Republican campaigns have been bashing the press for much of the last half century, and so it was of no particular surprise that the McCain campaign turned on the media last week in Minnesota.

The surprise came in the nature of the criticism--the press, Republicans argued, was sexist, demeaning and diminishing Governor Sarah Palin because she was a woman.

This was a new one from Republicans.

The GOP counterattack occurred at a critical moment. Just days after her selection, reporters in Minnesota traded in rumors that Gov. Palin might be dumped from the ticket. Conventional wisdom was hardening: The pick was a disaster.

In response, Republicans pointed to press questions about Gov. Palin's ability to serve as vice president while raising five children and rightfully pointed out that such questions would never have been asked of a man. They went even further, and, despite having spent months attacking Senator Obama's experience, argued that similar attacks on Gov. Palin were biased and out of bounds.

And they beat the press back, winning this first skirmish and ensuring that Gov. Palin survived to fight another day.

Ironically, while the McCain campaign demonstrated their ability in a fight, this particular victory would not have been possible without Hillary Clinton

Six months, ago if a member of the Clinton campaign had suggested that Senator Clinton had been subject to sexism, we would have been lambasted for playing the gender card (as we were when we produced a video in 2007 called the "The politics of Pile-On," which featured Senator Clinton's opponents attacking her). The McCain campaign was successful this past week in part because it was able to deploy all the resources of the Republican Party and its allies in making its case. While our supporters made this case passionately on blogs and in newspaper ads and in many more quiet, anonymous, frustrated conversations, the kind of coordinated response that the McCain campaign engaged in was never an option available to us on the Clinton campaign--in fact, it has been reported correctly that we engaged in endless internal debates about whether to raise this issue in 2008, but never did (except for an off-hand mention in the campaign's waning days), fearing few allies and a backlash.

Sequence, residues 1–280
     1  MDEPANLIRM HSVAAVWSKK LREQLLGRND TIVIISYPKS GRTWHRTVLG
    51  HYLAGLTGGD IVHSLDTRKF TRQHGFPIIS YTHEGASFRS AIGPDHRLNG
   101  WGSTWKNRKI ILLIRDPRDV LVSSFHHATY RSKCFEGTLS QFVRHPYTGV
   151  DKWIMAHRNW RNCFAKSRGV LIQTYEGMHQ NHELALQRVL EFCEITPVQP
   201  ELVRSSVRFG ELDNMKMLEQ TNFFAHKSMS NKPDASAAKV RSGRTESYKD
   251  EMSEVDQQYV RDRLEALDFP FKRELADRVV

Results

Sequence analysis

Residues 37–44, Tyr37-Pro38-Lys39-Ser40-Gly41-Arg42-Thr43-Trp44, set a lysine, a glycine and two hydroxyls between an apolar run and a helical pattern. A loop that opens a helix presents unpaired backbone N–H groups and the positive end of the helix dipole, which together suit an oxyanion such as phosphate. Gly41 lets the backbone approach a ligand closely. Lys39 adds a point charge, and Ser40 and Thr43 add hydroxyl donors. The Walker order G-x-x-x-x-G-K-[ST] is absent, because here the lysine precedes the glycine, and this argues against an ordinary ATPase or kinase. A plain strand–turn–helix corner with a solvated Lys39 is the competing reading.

Now, in retrospect, there is broad agreement that Hillary Clinton was treated differently, at least in part, because she was a woman. (This is not, by the way, the reason why Senator Clinton lost--being a woman had nothing to do with our failure to invest in caucus states.) The Democratic platform addressed the issue. Republican women like Carly Fiorina regularly decry Senator Clinton's treatment, as did Howard Dean and Michelle Obama on The View. This correct analysis has been amplified and (occasionally twisted) by the McCain campaign to lend credibility to its attacks on the media

It is deeply unfortunate that a pro-life woman who is working against almost everything Senator Clinton stands for is the beneficiary of this consensus about Clinton's treatment, but we do not get to choose who follows through the doors we open.

--Howard Wolfson

Howard also blogs at GothamAcme.Com